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OpEdNews Op Eds    H3'ed 1/28/20

Impeachment Thoughts: As the Defense (seems to) Rest

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"Either this nation shall kill racism, or racism shall kill this nation." (S. Jonas, August, 2018)


"To announce that there must be no criticism of the President . . . is not only unpatriotic and servile, but is morally treasonable to the American public. Nothing but the truth should be spoken about him or anyone else. But it is even more important to tell the truth, pleasant or unpleasant, about him than about anyone else."

Theodore Roosevelt, Editorial in The Kansas City Star May 7, 1918


1. The "Defense" for Trump-in-Impeachment-mode was fascinating, because it wasn't a defense in the conventional sense. It was rather, for the most part, classic Trumpian "Always attack, never defend." As I said in my most recent column : " 'Always attack; never defend' is central to Trump's way of thinking. The tactic was originally developed by Sen. Joe McCarthy who taught it to Roy Cohn (Trump's lawyer until he got disbarred) who taught it to Trump. . . . Briefly, never deal with the substance of a question (unless it comes from a VERY friendly questioner like Sean Hannity or Fox and Friends). Rather always attack the question and/or the questioner, thus a) taking the focus off Trump and transferring it to the questioner, and thus b) making sure that he/she never has to answer the question."

There was Pam Bondi (the former Florida Attorney General who was accused of accepting a campaign contribution from Trump in return for dropping a case against Trump University; the case was disallowed for "not enough evidence") presenting a defense statement in which the words "Hunter" and "Biden" appeared in just about every other sentence. The was the White House Counsel (and by the way the person in that position is supposed to be the senior advisor to the President for governmental legal matters) Pat Cippolone, acting like a defense attorney for the President. In that regard, he kept repeating the lie that on the House side the President was never provided an opportunity to present a defense, when that was offered numerous times by the House, all offers/request/demands turned down by the White House. Then there was one of Trump's private defense attorneys arguing that it was Obama who should have been impeached(I kid thee not). While it would appear that none of the above (and there were others) would play very well in a real court of law, they certainly play well for Trump and Trump Media.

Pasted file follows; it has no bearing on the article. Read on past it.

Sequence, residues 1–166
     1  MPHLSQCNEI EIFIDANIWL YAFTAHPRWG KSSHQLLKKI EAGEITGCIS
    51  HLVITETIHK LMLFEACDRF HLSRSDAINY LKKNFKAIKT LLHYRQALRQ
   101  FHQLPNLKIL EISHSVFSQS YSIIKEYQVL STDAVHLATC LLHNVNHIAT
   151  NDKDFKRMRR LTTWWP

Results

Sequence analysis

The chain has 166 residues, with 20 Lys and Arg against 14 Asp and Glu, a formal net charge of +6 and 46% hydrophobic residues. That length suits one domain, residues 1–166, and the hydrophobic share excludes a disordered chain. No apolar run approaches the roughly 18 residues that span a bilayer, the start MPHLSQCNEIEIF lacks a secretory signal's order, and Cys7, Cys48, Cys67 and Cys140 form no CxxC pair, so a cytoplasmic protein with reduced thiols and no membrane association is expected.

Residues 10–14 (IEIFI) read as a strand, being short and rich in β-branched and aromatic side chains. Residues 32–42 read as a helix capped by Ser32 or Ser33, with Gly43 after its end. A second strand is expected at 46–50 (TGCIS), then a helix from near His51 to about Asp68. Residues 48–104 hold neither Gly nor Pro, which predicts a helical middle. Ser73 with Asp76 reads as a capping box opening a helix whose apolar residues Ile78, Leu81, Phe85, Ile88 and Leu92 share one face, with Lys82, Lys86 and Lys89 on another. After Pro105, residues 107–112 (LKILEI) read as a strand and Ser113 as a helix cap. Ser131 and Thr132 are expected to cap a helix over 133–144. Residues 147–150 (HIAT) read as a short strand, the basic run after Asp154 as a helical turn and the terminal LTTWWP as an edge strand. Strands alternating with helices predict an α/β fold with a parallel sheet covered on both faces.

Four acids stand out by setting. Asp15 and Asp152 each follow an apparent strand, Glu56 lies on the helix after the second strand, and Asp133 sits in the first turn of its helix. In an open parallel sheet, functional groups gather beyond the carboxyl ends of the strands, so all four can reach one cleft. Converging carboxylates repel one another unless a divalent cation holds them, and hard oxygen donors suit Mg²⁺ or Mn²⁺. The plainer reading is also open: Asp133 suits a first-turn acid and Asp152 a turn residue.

2. On Mitt Romney, who has been edging ever-so-slowly towards anti-Trump positions of one kind or another, in a tweet last October I said the following: "". Romney is simply stepping up to be first in line for the 2020 Repub. nomination should for any reason (impeachment and "other") Trump is not the Repub. candidate." What he is doing now on the matter of hearings is simply confirming his hoped-for "first-in-line" slot.

Actually, this is not Mitt, but his father George, who was actually a member of that extinct species, Liberal Republican.
Actually, this is not Mitt, but his father George, who was actually a member of that extinct species, Liberal Republican.
(Image by (From Wikimedia) Romney for President Comm., Author: Romney for President Comm.)